Duty to Defend – 2
The Utah Supreme Court decided that the so-called eight corners rule—review of the pleadings alone to the policy to determine if there is a duty to defend—does not always apply and that under certain circumstances, the court must consider extrinsic evidence
before making a decision to defend.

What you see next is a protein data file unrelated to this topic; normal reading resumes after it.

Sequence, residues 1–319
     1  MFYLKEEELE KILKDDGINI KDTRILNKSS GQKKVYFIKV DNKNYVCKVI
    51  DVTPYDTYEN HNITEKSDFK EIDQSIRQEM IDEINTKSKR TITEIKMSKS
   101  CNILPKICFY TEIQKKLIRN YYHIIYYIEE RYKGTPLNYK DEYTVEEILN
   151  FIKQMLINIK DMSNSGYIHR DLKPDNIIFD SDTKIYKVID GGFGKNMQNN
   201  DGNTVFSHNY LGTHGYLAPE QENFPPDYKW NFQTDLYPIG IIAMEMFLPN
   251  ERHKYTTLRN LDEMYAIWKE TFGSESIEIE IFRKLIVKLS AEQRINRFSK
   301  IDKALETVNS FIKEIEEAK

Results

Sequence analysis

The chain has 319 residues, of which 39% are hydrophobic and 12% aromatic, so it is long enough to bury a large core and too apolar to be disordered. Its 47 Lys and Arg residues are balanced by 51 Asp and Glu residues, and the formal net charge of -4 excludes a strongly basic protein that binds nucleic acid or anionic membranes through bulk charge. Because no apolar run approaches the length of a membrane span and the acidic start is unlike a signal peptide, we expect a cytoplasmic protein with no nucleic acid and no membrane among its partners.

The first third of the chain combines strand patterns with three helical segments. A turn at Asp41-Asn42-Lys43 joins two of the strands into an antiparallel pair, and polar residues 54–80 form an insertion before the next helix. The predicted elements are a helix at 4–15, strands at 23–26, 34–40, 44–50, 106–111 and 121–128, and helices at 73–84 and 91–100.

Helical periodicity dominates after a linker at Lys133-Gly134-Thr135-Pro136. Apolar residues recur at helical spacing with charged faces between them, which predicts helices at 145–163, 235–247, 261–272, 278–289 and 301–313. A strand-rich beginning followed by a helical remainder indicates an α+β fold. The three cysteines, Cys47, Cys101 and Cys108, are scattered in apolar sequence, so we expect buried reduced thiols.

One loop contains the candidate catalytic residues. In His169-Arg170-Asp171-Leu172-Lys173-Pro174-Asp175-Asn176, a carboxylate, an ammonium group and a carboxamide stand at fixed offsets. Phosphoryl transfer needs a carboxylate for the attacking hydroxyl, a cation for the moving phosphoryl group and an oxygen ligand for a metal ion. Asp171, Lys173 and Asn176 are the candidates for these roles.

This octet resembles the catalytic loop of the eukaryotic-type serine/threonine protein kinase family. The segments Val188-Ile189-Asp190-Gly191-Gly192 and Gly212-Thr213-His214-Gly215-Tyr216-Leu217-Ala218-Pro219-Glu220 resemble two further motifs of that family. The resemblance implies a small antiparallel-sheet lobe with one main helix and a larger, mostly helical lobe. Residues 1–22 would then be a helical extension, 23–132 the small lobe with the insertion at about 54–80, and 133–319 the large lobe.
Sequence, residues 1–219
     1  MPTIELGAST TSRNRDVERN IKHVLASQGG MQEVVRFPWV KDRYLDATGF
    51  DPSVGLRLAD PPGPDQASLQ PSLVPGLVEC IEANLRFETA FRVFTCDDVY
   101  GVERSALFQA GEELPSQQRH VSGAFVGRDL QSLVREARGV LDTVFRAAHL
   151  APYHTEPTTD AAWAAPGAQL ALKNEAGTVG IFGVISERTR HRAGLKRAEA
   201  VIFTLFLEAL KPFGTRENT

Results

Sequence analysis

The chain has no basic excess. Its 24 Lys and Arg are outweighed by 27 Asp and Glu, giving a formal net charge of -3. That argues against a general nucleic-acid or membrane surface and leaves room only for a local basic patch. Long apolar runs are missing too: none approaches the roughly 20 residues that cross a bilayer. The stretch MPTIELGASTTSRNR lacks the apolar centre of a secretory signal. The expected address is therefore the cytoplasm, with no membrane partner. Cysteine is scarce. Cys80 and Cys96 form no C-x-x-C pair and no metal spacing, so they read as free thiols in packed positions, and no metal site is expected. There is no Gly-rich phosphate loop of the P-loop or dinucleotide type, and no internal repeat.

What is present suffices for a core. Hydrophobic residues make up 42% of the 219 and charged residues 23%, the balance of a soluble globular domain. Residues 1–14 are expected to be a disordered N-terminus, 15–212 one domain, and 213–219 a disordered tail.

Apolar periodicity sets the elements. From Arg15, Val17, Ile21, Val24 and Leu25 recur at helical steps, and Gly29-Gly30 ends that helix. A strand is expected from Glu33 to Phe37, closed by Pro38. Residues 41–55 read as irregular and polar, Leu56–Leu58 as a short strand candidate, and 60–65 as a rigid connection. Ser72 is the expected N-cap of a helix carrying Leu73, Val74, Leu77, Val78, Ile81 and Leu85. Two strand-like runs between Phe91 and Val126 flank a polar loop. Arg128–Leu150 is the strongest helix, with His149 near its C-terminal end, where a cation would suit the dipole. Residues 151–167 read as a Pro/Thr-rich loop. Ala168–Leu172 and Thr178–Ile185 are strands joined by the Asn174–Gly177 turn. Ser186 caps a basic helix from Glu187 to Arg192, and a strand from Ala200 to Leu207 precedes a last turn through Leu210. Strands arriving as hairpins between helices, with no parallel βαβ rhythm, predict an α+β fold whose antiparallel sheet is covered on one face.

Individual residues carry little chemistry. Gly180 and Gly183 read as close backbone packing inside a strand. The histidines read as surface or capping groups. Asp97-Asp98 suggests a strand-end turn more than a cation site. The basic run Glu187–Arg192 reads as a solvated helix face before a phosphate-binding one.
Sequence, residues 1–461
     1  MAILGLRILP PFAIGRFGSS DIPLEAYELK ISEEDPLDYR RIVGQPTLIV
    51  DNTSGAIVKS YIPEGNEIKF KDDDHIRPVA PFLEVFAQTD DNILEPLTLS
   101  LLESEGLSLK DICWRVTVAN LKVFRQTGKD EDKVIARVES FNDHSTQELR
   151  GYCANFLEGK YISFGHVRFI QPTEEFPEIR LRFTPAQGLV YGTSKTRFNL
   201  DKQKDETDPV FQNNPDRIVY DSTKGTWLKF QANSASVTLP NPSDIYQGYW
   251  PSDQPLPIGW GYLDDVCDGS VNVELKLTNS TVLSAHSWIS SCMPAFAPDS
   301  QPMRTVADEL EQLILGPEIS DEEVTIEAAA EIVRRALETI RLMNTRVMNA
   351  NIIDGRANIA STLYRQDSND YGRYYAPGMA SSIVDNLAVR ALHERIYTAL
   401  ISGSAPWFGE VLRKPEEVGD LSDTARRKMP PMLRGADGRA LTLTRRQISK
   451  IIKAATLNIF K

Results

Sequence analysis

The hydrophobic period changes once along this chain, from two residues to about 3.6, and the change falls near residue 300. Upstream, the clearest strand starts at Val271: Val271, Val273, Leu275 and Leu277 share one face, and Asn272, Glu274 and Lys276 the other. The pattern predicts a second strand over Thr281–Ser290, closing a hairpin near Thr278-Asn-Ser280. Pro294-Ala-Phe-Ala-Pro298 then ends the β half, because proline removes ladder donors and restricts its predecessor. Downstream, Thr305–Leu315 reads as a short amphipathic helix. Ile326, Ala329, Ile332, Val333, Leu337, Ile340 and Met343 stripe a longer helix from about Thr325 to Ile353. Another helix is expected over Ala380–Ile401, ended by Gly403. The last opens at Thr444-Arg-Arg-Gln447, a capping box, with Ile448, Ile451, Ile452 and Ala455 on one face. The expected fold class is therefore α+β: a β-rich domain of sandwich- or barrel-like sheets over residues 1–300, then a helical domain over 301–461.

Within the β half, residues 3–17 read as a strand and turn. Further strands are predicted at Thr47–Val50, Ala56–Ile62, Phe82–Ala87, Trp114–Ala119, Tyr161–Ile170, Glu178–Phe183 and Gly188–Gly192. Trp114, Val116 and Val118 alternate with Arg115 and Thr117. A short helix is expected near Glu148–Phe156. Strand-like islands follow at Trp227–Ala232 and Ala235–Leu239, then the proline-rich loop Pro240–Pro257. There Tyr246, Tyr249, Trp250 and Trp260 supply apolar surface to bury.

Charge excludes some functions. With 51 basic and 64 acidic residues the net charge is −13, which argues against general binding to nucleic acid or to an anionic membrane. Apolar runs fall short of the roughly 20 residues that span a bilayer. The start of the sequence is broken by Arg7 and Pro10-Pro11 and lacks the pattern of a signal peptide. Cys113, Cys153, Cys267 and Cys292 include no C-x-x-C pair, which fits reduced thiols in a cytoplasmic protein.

However, insurers who insure bars and other places where alcoholic beverages are sold are loathe to insure the bar against liability for barroom fights, acts of security personnel (bouncers), or any form of assault or battery. Plaintiffs’ lawyers recognize this fact and will therefore add to their pleadings allegations of negligence on the part of the bar or its owners to drag the insurer and its big pockets of cash into the case to compel a settlement that is less than the cost of defense. Such a case was presented to the District Court, District of Nevada in Versatility, Inc v. Capitol Indemnity Corporation, et al.,27 which refused to submit to the artful pleading of the plaintiff’s lawyer and upheld an assault and battery exclusion.
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